According to John Rizzo, who served as chief counsel at the CIA for six years, the process of approving drone strikes effectively required him and 10 other lawyers at the agency to “murder” people from the CIA’s counterterrorism center in Langley, Virginia. Most of the lawyers are either down the hall from the CIA director’s office on the seventh floor – the “power floor,” as it’s known within the agency – or embedded in different services, including those designated as “clandestine” and “forward deployed.” When the agency wants to launch a drone strike, Rizzo explained in an interview with Newsweek, it asks a lawyer to provide legal cover for the assassination by signing off on a five-page dossier laying out the justification for the attack. The cable usually contains a list of 30 people targeted for death. Occasionally, the memos are rejected for not containing enough information. More often, Rizzo would approve the kill, writing the word “concurred” following the phrase, “Therefore we request approval for targeting for lethal operation.” In his six years as chief counsel, Rizzo says, he signed off on about one kill list per month.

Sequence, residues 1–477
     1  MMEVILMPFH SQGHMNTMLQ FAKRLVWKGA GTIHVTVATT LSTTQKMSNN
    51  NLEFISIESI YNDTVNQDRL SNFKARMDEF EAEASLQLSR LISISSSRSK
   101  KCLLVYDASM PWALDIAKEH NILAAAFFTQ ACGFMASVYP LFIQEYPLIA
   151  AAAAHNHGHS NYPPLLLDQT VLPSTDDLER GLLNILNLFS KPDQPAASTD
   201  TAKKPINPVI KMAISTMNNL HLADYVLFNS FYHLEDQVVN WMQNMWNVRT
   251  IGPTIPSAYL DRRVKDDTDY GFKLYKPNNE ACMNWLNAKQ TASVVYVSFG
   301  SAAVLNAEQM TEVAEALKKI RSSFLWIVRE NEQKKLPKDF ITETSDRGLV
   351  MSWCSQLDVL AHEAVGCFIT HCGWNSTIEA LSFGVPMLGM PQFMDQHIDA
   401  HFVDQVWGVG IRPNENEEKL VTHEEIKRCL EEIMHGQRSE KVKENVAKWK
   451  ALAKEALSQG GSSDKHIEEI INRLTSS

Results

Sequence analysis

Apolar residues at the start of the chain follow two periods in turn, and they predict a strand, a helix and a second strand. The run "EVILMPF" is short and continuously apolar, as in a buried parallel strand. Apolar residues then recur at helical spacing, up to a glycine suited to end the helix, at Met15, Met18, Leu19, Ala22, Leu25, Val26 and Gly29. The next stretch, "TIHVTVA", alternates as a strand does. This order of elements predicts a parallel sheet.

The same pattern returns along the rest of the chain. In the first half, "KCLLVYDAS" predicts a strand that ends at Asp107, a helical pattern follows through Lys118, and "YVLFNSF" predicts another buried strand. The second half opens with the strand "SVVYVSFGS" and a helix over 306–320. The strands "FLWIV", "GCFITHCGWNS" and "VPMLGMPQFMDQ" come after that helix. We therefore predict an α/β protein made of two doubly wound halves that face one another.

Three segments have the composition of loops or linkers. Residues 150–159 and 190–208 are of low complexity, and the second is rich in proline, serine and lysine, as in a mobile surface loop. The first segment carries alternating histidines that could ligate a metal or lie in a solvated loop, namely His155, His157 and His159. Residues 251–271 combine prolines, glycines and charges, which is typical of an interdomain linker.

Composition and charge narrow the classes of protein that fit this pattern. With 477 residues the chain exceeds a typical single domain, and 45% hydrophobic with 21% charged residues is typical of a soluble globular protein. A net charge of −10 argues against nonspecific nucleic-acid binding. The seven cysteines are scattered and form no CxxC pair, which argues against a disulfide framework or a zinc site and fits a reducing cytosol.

Drone assaults on high-value targets – known as “personality strikes” – usually require approval from a lawyer like Rizzo, the CIA chief and sometimes the president himself. But the CIA’s more common use of drones – known as “signature strikes” – involves attacks on groups of alleged militants who are behaving in ways that seem suspicious. Such strikes are reportedly the brainchild of the CIA veteran who has run the agency’s drone program for the past six years, a chain-smoking convert to Islam who goes by the code name “Roger.” In a recent profile, The Washington Post called Roger “the principal architect of the CIA’s drone campaign.” When it comes to signature strikes, say insiders, the decision to launch a drone assault is essentially an odds game: If the agency thinks it’s likely that the group of individuals are insurgents, it will take the shot. “The CIA is doing a lot more targeting on a percentage basis,” says the former official with knowledge of the agency’s drone program.